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Under the radar

Private sector debt and coronavirus in developing countries The G20 must step in and compel private creditors to cancel the debts of developing countries to avoid the loss of many more lives. In the global south, coronavirus is leaving a trail of devastation - from widespread loss of life from the virus itself, to huge economic disruption that has left hundreds of millions of people, who were already struggling to make ends meet, without jobs or sufficient food. Despite this huge economic shock, many developing countries are continuing to pay off debts to rich countries, public institutions like the World Bank and IMF, and some of the richest banks and hedge funds in the world. This means they have less money to meet the immediate needs of the population. This briefing aims to shine a light on the debt owed to private creditors by five African countries - Ghana, Kenya, Nigeria, Senegal and Zambia - and it outlines the steps which the G20 needs to take immediately to avert further economic chaos. It highlights the central role of enormous financial corporations like BlackRock, HSBC, Goldman Sachs, Legal & General, JP Morgan and UBS, which have become increasingly important in the world of sovereign debt. Private creditors’ share of the foreign debts of low- and lower-middle income governments increased from 25% in 2010 to 47% in 2018.1 Multi-trillion dollar asset manager BlackRock alone holds close to US$1 billion of ‘Eurobonds’ in Ghana, Kenya, Nigeria, Senegal and Zambia through a number of funds.

New pathways out of poverty in Africa: sustainable agriculture

A Christian Aid and CAFOD policy paper investigating how agricultural transformation has become a development priority for African governments and the international development community. It is commonly understood as a shift from ‘low’ productivity subsistence agriculture to more commercially-oriented production. This shift is seen as the first step away from the continent’s continued dependence on raw commodity exports, and towards diversified and domestically integrated economies that provide sufficient employment opportunities to the world’s youngest and fastest-growing population.   This is to be welcomed. However, this report highlights the risk that agricultural transformation strategies already underway in some African countries could increase inequality and further degrade the environment. To prevent this from happening agriculture transformation strategies need to: integrate actions that will build the resilience of producer households and wider ecosystems to climate and economic shocks, instead of focusing predominantly on increasing the productivity of smallholders link smallholder producers to the wider domestic economy.  CAFOD and Christian Aid programmes that support small agro-enterprise development, climate resilience building and inclusive agricultural market development include deliberate actions to ensure equitable and environmentally sustainable outcomes. To further promote the integration of these principles in the design and implementation of government policies, we have initiated an on-going dialogue with our partner organisations in Africa to determine how agricultural transformation policies in their own countries can contribute to more equitable and sustainable development.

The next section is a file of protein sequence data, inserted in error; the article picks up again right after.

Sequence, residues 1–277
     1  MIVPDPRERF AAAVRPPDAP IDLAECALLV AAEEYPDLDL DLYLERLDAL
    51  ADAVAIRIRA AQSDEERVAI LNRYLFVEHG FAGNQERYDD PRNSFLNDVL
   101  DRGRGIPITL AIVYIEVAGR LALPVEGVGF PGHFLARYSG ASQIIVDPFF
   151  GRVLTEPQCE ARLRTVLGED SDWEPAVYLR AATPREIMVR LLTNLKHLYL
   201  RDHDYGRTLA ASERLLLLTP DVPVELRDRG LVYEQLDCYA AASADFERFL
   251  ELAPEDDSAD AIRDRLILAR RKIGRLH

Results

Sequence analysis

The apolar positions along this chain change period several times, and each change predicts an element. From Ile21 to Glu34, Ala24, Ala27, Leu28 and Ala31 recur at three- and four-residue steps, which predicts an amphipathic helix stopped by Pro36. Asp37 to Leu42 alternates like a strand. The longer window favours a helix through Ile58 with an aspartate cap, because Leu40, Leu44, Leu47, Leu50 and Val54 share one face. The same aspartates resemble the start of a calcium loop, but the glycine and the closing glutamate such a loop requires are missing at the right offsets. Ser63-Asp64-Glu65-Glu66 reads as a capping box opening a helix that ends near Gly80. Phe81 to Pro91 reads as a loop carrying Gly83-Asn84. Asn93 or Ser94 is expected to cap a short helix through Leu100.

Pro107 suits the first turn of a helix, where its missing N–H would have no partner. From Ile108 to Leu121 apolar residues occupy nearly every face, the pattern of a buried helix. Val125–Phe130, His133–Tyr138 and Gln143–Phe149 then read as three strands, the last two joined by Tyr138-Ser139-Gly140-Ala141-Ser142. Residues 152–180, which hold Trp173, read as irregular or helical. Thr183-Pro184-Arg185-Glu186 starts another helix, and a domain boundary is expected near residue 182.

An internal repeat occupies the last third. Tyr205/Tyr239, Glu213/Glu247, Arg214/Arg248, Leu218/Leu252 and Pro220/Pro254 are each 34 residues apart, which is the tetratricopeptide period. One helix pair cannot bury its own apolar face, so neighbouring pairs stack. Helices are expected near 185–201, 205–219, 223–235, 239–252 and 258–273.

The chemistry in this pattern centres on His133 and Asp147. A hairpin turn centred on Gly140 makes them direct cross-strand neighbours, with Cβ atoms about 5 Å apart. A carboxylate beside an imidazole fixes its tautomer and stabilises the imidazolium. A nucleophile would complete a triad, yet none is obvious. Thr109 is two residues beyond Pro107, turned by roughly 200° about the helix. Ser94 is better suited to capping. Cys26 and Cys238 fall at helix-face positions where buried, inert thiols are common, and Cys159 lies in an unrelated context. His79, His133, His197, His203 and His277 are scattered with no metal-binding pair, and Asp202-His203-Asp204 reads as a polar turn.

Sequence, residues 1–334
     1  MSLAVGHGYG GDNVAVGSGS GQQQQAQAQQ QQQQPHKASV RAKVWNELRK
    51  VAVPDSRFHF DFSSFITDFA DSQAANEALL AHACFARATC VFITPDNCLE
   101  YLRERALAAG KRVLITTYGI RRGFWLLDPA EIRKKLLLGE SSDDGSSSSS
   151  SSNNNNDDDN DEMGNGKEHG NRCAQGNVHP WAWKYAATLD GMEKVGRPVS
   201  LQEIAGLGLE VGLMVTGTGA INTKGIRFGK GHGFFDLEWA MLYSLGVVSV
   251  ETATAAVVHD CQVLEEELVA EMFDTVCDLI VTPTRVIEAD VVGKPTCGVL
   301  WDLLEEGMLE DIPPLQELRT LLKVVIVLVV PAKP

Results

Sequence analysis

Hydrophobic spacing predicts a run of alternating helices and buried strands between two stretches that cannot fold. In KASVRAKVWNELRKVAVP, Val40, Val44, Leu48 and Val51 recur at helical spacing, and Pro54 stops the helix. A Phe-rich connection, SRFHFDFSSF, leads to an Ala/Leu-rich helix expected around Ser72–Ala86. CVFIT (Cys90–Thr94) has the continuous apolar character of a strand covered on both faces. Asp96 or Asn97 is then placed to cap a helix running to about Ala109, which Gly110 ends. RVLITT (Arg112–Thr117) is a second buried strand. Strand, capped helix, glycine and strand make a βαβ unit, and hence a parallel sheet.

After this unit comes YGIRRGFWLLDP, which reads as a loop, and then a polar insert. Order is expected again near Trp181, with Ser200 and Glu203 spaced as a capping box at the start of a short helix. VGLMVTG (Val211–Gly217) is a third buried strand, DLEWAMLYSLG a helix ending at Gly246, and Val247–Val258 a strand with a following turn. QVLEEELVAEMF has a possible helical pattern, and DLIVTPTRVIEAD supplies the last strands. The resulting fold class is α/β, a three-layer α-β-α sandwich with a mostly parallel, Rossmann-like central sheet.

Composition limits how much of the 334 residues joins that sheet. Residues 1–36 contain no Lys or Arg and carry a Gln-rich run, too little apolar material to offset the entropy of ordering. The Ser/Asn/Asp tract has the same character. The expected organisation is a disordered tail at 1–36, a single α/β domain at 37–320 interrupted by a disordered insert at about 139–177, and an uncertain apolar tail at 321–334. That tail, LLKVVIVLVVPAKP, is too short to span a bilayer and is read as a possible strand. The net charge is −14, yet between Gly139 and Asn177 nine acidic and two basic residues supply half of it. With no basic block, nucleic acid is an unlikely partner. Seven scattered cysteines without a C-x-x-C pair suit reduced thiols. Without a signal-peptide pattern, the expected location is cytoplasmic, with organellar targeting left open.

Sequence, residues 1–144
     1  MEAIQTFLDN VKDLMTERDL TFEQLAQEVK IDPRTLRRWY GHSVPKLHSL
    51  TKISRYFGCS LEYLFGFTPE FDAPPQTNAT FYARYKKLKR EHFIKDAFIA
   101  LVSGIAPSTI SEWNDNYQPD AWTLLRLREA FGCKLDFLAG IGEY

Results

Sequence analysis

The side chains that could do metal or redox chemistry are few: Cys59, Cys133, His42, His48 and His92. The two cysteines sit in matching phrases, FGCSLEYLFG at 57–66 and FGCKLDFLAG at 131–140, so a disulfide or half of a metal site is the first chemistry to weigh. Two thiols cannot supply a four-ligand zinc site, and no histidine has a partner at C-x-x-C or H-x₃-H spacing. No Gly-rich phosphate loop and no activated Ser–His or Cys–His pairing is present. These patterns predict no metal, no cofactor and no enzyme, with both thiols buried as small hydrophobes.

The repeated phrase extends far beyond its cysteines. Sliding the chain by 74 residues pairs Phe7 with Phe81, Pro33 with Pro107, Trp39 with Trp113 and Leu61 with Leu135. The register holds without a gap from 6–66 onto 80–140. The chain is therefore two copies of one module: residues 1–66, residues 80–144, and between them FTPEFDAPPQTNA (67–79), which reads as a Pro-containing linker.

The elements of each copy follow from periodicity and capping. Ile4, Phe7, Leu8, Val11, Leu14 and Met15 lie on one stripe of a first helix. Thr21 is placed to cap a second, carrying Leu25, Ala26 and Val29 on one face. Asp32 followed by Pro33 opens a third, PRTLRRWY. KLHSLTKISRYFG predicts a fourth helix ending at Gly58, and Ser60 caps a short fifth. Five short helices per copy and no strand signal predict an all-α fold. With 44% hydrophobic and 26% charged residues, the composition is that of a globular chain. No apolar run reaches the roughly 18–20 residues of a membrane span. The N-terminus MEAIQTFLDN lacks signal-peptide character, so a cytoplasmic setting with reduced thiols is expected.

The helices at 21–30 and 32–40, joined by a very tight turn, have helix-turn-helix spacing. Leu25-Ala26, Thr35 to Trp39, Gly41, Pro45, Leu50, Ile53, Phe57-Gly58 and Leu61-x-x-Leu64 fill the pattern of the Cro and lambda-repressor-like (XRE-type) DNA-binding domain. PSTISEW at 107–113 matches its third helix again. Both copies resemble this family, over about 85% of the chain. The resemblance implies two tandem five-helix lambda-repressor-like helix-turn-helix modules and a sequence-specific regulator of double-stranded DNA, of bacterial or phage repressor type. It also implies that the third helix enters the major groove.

Africa rising? Inequalities and the essential role of fair taxation

Joint report with Tax Justice Network Africa (TJN-A) reveals Africa's much-touted growth is happening alongside worsening income inequality trends.